According to a controversial ruling by a Superior Court judge in New Jersey, casino waitresses are essentially “sex objects” (a direct quote), who can be terminated for gaining weight.
The decision by Superior Court Judge Nelson Johnson put the nail in the coffin of a workplace discrimination and wrongful termination lawsuit brought by 20 former cocktail waitresses against the powerful Atlantic City casino the Borgata.
These women, known disparagingly as the “Borgata Babes,” brought their suit against the Borgata Hotel Casino & Spa for weight discrimination. The women were specifically contesting a workplace policy at the casino banning “Borgata Babes” from gaining anything over 7% of the body weight recorded on their date of their hire.
Court documents show that the restrictive policy forced some waitresses to take extreme measures, including taking laxatives before their mandatory weigh-ins, or holding off on prescription medications that might cause bloating or weight gain.
In Johnson’s ruling against plaintiffs, the Judge argued that Borgata’s guidelines were both legal and fair, and that women should know what kind of position they’re accepting when they apply for a position with the exclusive casino.
In his decision, Johnson wrote the following: “The Borgata Babe program has a sufficient level of trapping and adornments to render its participants akin to ‘sex objects’ to the Borgata’s patrons. Nevertheless, for the individual labeled a babe to become a sex object requires that person’s participation.”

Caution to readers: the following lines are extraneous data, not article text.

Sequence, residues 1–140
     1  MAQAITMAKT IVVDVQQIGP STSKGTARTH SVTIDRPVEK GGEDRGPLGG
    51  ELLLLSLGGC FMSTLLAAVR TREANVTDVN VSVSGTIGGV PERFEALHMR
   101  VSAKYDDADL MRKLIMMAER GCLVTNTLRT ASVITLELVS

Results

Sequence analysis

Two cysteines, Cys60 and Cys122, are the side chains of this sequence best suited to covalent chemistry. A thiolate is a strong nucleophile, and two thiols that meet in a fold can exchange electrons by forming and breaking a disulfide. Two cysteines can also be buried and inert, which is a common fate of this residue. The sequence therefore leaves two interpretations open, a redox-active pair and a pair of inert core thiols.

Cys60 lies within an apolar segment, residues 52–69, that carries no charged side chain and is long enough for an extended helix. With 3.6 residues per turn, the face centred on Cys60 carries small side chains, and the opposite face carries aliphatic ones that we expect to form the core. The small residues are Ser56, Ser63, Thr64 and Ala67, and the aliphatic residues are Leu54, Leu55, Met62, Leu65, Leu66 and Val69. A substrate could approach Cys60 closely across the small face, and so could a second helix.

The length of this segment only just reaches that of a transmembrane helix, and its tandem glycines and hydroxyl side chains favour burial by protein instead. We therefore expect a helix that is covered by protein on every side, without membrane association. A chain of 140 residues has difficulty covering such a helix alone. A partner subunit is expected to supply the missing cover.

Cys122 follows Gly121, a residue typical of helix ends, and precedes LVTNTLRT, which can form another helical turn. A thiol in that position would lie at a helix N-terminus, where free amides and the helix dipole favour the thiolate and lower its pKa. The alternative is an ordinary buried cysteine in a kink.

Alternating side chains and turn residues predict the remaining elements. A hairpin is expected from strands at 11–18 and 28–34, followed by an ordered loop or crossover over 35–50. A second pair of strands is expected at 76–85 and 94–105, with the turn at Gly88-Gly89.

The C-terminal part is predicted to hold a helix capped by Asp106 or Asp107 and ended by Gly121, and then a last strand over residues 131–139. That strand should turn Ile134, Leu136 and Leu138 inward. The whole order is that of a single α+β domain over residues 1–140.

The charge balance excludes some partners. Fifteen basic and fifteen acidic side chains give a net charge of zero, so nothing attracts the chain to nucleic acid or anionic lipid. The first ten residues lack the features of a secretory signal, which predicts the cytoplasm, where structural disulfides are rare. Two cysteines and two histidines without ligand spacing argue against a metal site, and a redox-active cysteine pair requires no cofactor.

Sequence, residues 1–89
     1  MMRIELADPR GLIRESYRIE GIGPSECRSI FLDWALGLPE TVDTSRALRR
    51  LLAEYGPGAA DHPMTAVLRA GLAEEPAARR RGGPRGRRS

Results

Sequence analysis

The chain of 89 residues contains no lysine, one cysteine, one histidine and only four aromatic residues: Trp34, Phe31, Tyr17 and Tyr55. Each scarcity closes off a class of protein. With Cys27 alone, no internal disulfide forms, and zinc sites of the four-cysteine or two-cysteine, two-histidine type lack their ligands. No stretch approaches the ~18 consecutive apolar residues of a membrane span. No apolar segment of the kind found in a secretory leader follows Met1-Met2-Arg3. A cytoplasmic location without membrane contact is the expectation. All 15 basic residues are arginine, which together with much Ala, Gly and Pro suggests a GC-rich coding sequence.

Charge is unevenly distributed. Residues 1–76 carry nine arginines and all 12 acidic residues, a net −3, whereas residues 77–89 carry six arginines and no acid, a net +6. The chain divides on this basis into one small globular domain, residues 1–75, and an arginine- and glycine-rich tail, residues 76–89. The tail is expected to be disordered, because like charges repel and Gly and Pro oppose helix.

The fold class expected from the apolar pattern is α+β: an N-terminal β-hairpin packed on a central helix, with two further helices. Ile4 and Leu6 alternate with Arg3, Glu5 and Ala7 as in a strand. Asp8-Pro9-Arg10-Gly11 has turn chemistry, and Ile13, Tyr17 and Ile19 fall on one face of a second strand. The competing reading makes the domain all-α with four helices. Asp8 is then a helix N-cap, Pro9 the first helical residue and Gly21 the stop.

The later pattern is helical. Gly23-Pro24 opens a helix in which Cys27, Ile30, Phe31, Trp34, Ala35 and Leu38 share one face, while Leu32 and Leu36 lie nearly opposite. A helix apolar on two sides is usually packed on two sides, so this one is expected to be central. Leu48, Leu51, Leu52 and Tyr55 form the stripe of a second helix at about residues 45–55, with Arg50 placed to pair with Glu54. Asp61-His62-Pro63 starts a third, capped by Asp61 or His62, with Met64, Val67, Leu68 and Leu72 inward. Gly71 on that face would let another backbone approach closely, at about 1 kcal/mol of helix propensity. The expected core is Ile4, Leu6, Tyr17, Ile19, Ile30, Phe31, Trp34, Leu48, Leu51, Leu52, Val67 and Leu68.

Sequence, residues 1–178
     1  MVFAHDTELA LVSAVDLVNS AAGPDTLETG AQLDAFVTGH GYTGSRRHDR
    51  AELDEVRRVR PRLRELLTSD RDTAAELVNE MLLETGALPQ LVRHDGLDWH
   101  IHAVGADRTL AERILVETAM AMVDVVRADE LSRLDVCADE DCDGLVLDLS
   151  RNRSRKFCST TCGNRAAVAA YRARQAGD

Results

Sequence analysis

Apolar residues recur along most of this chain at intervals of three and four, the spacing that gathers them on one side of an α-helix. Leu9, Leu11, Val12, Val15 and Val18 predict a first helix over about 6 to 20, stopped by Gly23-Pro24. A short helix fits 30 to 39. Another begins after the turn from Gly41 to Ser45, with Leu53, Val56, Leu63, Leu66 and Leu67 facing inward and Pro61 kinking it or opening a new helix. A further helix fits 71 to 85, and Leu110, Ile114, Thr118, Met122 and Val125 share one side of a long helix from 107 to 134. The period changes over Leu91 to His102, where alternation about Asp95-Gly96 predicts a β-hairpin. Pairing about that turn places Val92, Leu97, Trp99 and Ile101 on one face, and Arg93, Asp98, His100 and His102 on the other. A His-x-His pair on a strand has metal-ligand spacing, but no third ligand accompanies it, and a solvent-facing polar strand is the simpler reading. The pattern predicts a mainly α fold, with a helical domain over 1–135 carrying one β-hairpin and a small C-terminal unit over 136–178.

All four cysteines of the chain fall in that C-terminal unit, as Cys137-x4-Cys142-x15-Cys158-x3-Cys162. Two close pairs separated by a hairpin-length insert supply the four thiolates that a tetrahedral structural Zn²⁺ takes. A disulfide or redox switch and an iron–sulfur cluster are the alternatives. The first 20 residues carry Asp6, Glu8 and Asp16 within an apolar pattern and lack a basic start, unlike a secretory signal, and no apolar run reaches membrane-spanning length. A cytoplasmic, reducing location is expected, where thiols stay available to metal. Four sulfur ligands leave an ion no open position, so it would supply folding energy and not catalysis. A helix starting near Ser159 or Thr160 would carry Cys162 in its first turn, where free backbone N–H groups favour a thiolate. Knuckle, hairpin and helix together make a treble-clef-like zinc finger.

Employment Attorneys Weigh In on the Debate
Time magazine has reported on the way this ruling underscores the near-absence of protection against weight-based discrimination in the U.S. In fact, Michigan is currently the only state to prohibit workplace discrimination based on height or weight.
Disability rights attorney Richard Bernstein called the Borgata Babes decision “a horrible ruling. You have to look at the far-reaching applications of it. You always have to look at a decision with a broad brush. That decision gives employers a tremendous power over people in the workplace.” Bernstein is no stranger to the controversy. Back in 2010, he represented a former Hooters waitress who brought a lawsuit for similar weight-discrimination.
Meanwhile, Borgata’s senior vice president, Joseph Lupo, cheered the decision, stating that “The court noted that our personal appearance standards are fully and openly disclosed to all team members, and that every plaintiff voluntarily accepted them before starting work.”
The recent case is not the first time the casino has faced lawsuit related to its weight-gain policies. Back in 2006, two of its employees charged the Borgata with fostering “a sexual and gender-hostile environment and sex discrimination” a discrimination lawsuit that sought $70 million in damages. The case was settled out of court before it ever went to a jury, and therefore the final settlement amount remains undisclosed.
If you have faced workplace discrimination, contact an employment attorney today for help with your case .